The Author / LA Autora
Anita Jepson-Gilbert at the Museum of Maria Reiche in Nazca, Peru, 2003.
Anita Jepson - Gilbert
Anita Jepson-Gilbert first learned about the Nazca Lines from her husband Wayne Gilbert in 1986, when they were living in Denver, Colorado. In Denver she wrote and published poetry while also teaching college English. Since she was working on campus, she was able to order library books from near and far about the Nazca Lines. As she read through all of them, she noticed how often they relied on the writings and photos by Dr. Maria Reiche to show and explain the mysterious land drawings of Nazca, Peru. This led our author to become as interested in this woman scientist as she was in the Nazca Lines. Soon her fascination produced a poem, entitled " Maria and the Stars of Nazca."
In 1988 our author sent a copy of her poem to Dr. Reiche in Nazca, Peru, to find out if it met her approval and also inquired how she could find Maria’s own book, Secret on the Desert. Dr. Reiche gladly approved of the poem and also ordered a copy of her own book to be sent to her from Germany. When it arrived, Ms Jepson-Gilbert was quite surprised, as this was the first time she had seen a book written in 3 languages: English, Spanish, and German. This prompted our author to turn her own poem about Maria Reiche into a children's story to be told in English and Spanish. To do the translation, she approached her dear friend from Panama, Professor Emerita Carmen Casís. Finally, through the Colorado Independent Publishers, she also found a local well-known book designer, who then enlisted Rodger Osban to produce all the illustrations for her book.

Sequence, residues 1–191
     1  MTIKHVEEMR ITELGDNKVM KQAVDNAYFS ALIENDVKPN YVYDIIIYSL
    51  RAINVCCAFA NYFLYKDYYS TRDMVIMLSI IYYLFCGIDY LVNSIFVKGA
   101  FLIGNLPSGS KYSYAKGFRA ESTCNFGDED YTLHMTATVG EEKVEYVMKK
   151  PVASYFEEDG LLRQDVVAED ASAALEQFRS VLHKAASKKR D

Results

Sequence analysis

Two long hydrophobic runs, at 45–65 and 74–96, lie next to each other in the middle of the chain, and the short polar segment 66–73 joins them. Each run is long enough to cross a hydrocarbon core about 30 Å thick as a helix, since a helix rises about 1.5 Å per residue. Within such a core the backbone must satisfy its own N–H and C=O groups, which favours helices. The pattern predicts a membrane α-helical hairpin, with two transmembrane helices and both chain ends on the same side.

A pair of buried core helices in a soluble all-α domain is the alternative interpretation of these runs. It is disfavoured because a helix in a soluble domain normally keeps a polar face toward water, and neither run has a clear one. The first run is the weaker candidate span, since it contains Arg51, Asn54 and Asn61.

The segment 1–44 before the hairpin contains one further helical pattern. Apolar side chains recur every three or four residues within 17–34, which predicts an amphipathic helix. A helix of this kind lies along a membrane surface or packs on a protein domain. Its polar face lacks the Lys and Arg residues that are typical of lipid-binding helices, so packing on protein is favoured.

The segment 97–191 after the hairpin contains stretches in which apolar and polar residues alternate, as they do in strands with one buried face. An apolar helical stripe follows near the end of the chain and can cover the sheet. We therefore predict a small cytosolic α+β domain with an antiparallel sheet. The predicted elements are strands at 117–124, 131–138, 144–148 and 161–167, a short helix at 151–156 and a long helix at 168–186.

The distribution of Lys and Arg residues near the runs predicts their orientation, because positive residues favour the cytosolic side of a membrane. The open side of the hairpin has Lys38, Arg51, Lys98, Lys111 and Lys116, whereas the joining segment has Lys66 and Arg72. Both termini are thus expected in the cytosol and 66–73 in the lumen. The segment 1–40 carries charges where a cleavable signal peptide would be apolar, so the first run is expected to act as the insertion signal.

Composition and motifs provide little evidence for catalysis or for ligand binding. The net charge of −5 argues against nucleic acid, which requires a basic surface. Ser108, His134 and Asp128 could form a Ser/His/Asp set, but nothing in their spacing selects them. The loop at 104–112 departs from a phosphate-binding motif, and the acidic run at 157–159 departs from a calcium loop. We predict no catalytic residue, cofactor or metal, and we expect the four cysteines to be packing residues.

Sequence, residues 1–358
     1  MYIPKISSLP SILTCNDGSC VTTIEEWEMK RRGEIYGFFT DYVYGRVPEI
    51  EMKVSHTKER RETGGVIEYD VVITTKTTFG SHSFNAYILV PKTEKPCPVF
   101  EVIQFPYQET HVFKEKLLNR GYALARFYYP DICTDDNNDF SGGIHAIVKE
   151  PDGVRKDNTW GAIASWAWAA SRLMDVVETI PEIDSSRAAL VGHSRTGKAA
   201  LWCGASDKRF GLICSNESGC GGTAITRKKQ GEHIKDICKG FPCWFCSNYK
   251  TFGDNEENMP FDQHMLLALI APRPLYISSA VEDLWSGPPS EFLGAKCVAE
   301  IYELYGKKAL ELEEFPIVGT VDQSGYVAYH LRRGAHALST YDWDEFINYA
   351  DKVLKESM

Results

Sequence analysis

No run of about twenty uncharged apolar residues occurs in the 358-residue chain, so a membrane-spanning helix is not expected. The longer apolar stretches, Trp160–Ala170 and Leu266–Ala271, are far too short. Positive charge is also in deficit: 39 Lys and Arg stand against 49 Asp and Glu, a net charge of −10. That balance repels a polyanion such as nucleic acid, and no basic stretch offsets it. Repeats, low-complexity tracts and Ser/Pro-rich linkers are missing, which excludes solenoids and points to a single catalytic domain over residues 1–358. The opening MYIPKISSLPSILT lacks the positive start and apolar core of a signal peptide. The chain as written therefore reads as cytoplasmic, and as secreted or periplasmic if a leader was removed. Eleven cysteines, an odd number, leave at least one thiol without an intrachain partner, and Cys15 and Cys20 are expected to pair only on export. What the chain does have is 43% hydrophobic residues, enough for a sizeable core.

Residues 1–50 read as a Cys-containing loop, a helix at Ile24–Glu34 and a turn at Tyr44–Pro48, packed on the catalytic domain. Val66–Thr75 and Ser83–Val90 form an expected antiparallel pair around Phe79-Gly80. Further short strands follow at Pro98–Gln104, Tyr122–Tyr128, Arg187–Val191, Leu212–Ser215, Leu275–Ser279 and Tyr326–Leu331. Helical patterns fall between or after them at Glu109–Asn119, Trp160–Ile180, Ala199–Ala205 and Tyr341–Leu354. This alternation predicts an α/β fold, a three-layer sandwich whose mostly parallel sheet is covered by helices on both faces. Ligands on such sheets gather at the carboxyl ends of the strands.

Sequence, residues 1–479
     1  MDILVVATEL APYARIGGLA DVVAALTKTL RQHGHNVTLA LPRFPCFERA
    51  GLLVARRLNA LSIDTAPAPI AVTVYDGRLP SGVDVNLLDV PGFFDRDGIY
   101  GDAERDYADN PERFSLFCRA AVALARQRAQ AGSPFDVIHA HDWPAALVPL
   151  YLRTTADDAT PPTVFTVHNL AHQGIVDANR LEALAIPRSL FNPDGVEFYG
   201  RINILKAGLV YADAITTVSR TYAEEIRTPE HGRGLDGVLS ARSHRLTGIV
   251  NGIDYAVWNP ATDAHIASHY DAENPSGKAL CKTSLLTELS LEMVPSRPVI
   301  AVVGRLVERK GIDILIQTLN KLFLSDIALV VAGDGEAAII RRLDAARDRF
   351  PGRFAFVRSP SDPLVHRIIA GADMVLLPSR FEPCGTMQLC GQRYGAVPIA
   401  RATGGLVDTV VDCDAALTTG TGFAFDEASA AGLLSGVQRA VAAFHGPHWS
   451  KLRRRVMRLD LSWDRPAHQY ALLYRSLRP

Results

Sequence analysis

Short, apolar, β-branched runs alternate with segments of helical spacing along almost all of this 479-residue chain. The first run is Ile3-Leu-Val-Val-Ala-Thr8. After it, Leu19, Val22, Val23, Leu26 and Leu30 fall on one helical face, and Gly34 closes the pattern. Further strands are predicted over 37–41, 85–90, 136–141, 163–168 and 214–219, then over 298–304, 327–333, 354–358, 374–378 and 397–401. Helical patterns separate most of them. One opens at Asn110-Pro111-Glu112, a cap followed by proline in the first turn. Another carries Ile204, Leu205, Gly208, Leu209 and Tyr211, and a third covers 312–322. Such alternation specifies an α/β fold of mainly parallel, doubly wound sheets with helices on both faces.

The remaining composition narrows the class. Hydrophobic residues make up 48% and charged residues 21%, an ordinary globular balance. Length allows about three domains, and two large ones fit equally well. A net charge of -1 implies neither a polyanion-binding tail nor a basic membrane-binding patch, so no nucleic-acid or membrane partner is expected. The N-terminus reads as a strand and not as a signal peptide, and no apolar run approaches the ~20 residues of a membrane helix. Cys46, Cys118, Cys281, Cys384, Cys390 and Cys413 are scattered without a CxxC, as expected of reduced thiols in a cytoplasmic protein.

After the death of Maria Reiche in 1998, Ms. Jepson-Gilbert began to meet with her team to start the work of transforming her poem into a fully illustrated, bilingual children's book. Now, with the help of Maria Reiche's own book with all the Nazca images drawn to scale, her artist could get started with the illustrations. She knew that to keep control of the entire production, she would have to self-publish the book. But, first, she felt she needed to view the Nazca Lines for herself to see the color and lay of the land.
So in 2003, the 100th anniversary of Maria Reiche’s birth, this author made the trip to Peru to view those mysterious line drawings both from the desert and from an airplane. In addition, she was able to meet with two people who were personally familiar with Maria Reiche and her work. The trip was a great success, and the following year the book was independently published with the addition of a small audio CD in both languages. In 2005 her book was awarded two First Prizes from the Colorado Independent Publishers Association: one for Best in Children’s Books and one for its Contribution to Literacy. Now, nearly 20 years later, it has come through a second publication from Ewings Publishing, who hopes you will enjoy reading and listening to this inspiring story in English or Spanish, or both.
Carmen A. Casis at her home in Denver, Colorado
Carmen A. Casis
Carmen A. Casís, a native of Panama and long-time resident of Colorado, is a Professor Emerita of English and American literature at Regis University in Denver, Colorado, where she taught English for 33 years to North Americans. She is now retired and involved in a number of volunteer projects on behalf of civil rights and mentoring women in prison. She continues to travel extensively to exotic destinations as well as to her native Panama.